mean something else. Care to elaborate?

I don't want to use C and C++ in the same source, it's C (printf, libc)
or C++ (std::cout, std::string, STL, ...) and not both.

printf is C, but it's also C++. Does the fact that it's part of C
somehow pollute it?
To some degree, it does: you are loosing a bit of typesafety by using the
printf() family. Otherwise, the compiler would have complained about the
OPs attempt to pass a std::string. This relates to their C heritage in that
strict typing is not that much of an issue in C (after all C does not use
type information for overload resolution and templates).

Besides, "pollute" is a loaded term and has a non-technical aspect to its
meaning. In that aesthetical sense, printf() clearly pollutes a program --
at least in my eyes :)
Do you also refuse to use sin, cos, etc. because they're C?
Nope, those are typesafe despite coming from C. (However, in my eyes these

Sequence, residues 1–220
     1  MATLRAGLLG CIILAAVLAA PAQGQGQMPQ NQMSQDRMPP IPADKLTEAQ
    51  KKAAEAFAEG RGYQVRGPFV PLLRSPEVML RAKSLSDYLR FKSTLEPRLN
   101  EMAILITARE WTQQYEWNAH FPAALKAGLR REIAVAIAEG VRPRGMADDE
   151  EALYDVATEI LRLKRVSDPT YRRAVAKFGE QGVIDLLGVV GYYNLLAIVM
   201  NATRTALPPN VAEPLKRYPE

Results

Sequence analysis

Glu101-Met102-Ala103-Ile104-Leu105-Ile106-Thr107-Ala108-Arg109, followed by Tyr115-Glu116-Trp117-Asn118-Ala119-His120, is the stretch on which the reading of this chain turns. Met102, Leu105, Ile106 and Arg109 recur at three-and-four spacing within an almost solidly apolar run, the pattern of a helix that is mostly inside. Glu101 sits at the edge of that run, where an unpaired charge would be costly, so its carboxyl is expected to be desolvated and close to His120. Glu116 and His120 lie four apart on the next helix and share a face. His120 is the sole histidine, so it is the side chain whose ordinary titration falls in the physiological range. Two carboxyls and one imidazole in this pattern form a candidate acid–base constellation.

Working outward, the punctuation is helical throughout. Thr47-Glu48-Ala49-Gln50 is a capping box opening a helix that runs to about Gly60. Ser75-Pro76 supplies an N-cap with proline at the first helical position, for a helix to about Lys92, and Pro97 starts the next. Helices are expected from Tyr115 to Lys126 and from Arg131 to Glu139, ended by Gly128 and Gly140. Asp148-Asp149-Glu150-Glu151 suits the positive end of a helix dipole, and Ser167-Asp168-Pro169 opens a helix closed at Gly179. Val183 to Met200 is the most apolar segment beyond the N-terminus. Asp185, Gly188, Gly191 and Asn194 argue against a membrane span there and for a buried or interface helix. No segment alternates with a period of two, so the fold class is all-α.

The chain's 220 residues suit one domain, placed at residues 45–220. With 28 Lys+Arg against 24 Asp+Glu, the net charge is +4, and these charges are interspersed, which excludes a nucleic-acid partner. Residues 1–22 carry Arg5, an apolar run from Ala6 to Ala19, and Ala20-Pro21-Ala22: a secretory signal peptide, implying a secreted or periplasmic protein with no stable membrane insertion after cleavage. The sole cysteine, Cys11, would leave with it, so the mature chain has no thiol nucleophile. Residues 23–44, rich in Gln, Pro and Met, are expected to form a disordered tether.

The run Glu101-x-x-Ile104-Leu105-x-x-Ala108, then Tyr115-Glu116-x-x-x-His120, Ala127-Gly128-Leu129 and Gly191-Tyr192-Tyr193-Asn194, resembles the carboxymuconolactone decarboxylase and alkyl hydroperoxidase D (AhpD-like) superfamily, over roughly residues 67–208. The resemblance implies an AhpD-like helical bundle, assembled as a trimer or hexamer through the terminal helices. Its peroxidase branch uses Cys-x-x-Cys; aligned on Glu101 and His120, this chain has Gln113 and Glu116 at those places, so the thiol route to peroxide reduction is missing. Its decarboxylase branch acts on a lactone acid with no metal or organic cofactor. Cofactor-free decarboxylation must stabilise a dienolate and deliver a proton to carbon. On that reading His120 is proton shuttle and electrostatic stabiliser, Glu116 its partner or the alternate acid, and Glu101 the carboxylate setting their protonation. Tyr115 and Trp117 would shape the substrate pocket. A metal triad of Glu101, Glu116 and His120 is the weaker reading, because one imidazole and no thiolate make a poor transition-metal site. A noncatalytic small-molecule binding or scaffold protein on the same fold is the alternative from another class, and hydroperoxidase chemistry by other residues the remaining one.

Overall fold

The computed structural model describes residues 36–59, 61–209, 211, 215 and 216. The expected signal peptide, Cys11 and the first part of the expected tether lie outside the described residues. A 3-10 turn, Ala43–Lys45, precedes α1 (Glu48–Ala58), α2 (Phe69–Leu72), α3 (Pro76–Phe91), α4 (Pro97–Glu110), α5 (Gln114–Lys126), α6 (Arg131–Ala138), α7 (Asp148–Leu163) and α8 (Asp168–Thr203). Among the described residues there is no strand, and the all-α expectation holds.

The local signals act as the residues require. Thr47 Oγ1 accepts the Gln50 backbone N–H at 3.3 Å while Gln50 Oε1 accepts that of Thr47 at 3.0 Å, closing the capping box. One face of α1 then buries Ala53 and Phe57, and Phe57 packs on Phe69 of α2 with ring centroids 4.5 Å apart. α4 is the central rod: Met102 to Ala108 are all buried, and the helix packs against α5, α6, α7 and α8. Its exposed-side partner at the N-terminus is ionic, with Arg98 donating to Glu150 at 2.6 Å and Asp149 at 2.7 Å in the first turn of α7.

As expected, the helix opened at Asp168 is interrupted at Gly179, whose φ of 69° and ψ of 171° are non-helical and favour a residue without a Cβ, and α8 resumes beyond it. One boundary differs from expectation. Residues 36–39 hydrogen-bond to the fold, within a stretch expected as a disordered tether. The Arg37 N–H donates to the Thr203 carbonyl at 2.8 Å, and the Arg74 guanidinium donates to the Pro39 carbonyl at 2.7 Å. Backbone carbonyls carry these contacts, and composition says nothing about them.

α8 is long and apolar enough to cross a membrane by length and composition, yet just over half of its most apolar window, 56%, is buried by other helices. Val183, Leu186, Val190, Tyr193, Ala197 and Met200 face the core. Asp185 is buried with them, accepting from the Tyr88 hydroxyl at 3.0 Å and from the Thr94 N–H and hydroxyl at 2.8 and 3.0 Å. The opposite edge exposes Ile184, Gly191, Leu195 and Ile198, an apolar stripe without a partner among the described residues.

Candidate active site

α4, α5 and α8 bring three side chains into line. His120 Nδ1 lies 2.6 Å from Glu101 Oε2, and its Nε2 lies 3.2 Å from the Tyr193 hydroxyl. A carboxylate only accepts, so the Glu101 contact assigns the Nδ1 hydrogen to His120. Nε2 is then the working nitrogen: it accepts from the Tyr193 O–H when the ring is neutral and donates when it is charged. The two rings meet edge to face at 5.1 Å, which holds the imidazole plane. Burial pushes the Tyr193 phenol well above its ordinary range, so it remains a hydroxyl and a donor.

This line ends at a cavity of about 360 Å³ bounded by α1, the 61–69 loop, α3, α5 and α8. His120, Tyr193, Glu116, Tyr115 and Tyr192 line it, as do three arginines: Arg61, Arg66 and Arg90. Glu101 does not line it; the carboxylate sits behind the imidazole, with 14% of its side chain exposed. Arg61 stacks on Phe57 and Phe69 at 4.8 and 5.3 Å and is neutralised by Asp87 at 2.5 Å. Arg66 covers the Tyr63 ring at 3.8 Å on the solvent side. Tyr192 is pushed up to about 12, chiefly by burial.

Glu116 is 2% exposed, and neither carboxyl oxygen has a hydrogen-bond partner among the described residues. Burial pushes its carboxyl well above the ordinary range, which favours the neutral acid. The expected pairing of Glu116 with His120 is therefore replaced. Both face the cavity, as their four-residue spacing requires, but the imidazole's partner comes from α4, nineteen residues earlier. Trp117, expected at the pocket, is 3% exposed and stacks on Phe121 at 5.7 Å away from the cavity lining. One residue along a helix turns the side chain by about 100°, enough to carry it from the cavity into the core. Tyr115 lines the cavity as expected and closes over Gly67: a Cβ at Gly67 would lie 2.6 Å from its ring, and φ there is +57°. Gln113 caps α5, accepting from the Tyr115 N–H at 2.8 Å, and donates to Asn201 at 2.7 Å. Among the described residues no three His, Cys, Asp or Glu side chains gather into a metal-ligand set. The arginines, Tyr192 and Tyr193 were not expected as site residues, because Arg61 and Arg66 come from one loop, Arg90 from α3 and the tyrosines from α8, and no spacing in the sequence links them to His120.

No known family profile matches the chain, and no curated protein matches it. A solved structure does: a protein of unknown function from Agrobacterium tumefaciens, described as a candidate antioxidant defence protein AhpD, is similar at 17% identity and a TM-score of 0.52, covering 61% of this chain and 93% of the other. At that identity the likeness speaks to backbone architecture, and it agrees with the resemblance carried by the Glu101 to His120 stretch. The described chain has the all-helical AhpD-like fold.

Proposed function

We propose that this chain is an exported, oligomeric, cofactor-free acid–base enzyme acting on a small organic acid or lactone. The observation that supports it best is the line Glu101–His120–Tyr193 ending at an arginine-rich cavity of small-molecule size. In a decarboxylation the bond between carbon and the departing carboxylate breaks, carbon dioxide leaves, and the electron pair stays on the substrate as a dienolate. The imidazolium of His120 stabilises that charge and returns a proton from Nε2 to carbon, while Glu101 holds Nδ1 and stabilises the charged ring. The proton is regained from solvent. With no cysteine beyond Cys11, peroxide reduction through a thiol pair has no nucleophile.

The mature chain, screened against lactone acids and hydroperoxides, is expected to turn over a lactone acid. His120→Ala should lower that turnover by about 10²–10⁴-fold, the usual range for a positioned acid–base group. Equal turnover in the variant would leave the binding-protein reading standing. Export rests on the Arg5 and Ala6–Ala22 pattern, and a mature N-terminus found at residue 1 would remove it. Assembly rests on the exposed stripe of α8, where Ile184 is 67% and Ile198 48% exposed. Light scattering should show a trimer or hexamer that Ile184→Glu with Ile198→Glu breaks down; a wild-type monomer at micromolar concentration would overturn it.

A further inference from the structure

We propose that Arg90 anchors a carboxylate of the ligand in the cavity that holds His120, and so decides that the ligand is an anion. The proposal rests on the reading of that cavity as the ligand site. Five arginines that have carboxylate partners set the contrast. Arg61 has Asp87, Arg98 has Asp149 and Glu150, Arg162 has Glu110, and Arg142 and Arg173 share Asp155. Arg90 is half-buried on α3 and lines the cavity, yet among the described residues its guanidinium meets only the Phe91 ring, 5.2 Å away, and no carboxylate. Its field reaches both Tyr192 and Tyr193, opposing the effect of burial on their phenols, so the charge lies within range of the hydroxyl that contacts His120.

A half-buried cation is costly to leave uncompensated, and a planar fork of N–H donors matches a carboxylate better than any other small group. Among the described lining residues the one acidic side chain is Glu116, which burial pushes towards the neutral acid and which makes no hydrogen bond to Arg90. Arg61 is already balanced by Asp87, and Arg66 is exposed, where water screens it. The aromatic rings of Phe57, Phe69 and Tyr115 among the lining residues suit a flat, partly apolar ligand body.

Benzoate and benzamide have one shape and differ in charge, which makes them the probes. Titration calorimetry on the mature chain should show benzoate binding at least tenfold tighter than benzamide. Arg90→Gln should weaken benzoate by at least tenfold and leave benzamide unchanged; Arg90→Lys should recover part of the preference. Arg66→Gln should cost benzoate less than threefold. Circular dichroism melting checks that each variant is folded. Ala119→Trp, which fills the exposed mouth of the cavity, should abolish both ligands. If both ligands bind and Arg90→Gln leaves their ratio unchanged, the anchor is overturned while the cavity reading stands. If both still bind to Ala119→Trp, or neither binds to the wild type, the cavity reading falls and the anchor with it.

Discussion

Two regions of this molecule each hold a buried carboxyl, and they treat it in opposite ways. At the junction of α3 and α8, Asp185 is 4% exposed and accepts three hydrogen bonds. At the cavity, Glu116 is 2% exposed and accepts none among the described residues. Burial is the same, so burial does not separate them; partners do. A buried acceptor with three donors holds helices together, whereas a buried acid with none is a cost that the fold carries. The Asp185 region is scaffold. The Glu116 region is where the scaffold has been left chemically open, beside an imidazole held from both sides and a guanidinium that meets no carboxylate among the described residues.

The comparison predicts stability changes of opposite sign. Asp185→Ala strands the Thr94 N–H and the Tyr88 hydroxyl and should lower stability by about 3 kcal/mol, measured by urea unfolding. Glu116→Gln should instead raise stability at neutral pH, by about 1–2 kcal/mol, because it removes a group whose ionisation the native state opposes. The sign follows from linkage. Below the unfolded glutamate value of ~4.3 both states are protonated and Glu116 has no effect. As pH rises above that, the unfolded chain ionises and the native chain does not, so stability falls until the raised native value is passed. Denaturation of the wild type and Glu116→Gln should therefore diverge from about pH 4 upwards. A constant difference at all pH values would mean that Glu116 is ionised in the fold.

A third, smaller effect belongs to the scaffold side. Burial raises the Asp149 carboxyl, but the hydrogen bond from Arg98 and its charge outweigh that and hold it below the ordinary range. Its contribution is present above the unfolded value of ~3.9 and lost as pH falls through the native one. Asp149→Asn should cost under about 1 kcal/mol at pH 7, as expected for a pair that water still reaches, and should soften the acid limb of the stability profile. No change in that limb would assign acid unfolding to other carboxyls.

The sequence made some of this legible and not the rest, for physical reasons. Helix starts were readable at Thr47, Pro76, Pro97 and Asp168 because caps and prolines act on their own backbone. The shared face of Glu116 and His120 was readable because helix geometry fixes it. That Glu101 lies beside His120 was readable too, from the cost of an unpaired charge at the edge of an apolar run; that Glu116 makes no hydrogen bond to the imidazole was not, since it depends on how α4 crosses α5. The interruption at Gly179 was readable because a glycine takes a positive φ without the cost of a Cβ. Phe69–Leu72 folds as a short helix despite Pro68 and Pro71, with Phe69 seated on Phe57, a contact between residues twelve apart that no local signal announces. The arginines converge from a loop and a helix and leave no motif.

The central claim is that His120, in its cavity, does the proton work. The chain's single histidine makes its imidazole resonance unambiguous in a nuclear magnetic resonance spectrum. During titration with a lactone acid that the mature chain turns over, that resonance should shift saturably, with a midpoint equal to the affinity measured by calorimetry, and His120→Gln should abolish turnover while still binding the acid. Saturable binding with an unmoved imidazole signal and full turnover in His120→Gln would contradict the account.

also polute a program but for a different reason: you are calling a
function with a somewhat ill-defined contract: the standard says that
sin(x) computes the sin of x, which is a lie for almost all values of x.
What it actually computes is some unspecified approximation to the sin of
x. Thus, precision guarantess become a portability issue.)
Best

Kai-Uwe Bux
Sep 14 '06 #9
Kai-Uwe Bux wrote:
Pete Becker wrote:
>Stephane Wirtel wrote:
>>>Code that uses it is well-formed and portable, so "compliant" here must
mean something else. Care to elaborate?
I don't want to use C and C++ in the same source, it's C (printf, libc)
or C++ (std::cout, std::string, STL, ...) and not both.
printf is C, but it's also C++. Does the fact that it's part of C
somehow pollute it?

To some degree, it does: you are loosing a bit of typesafety by using the
printf() family.
That's different. There are reasons to choose C++ streams, and reasons
to choose printf. There is no reason for a blanket refusal to use C,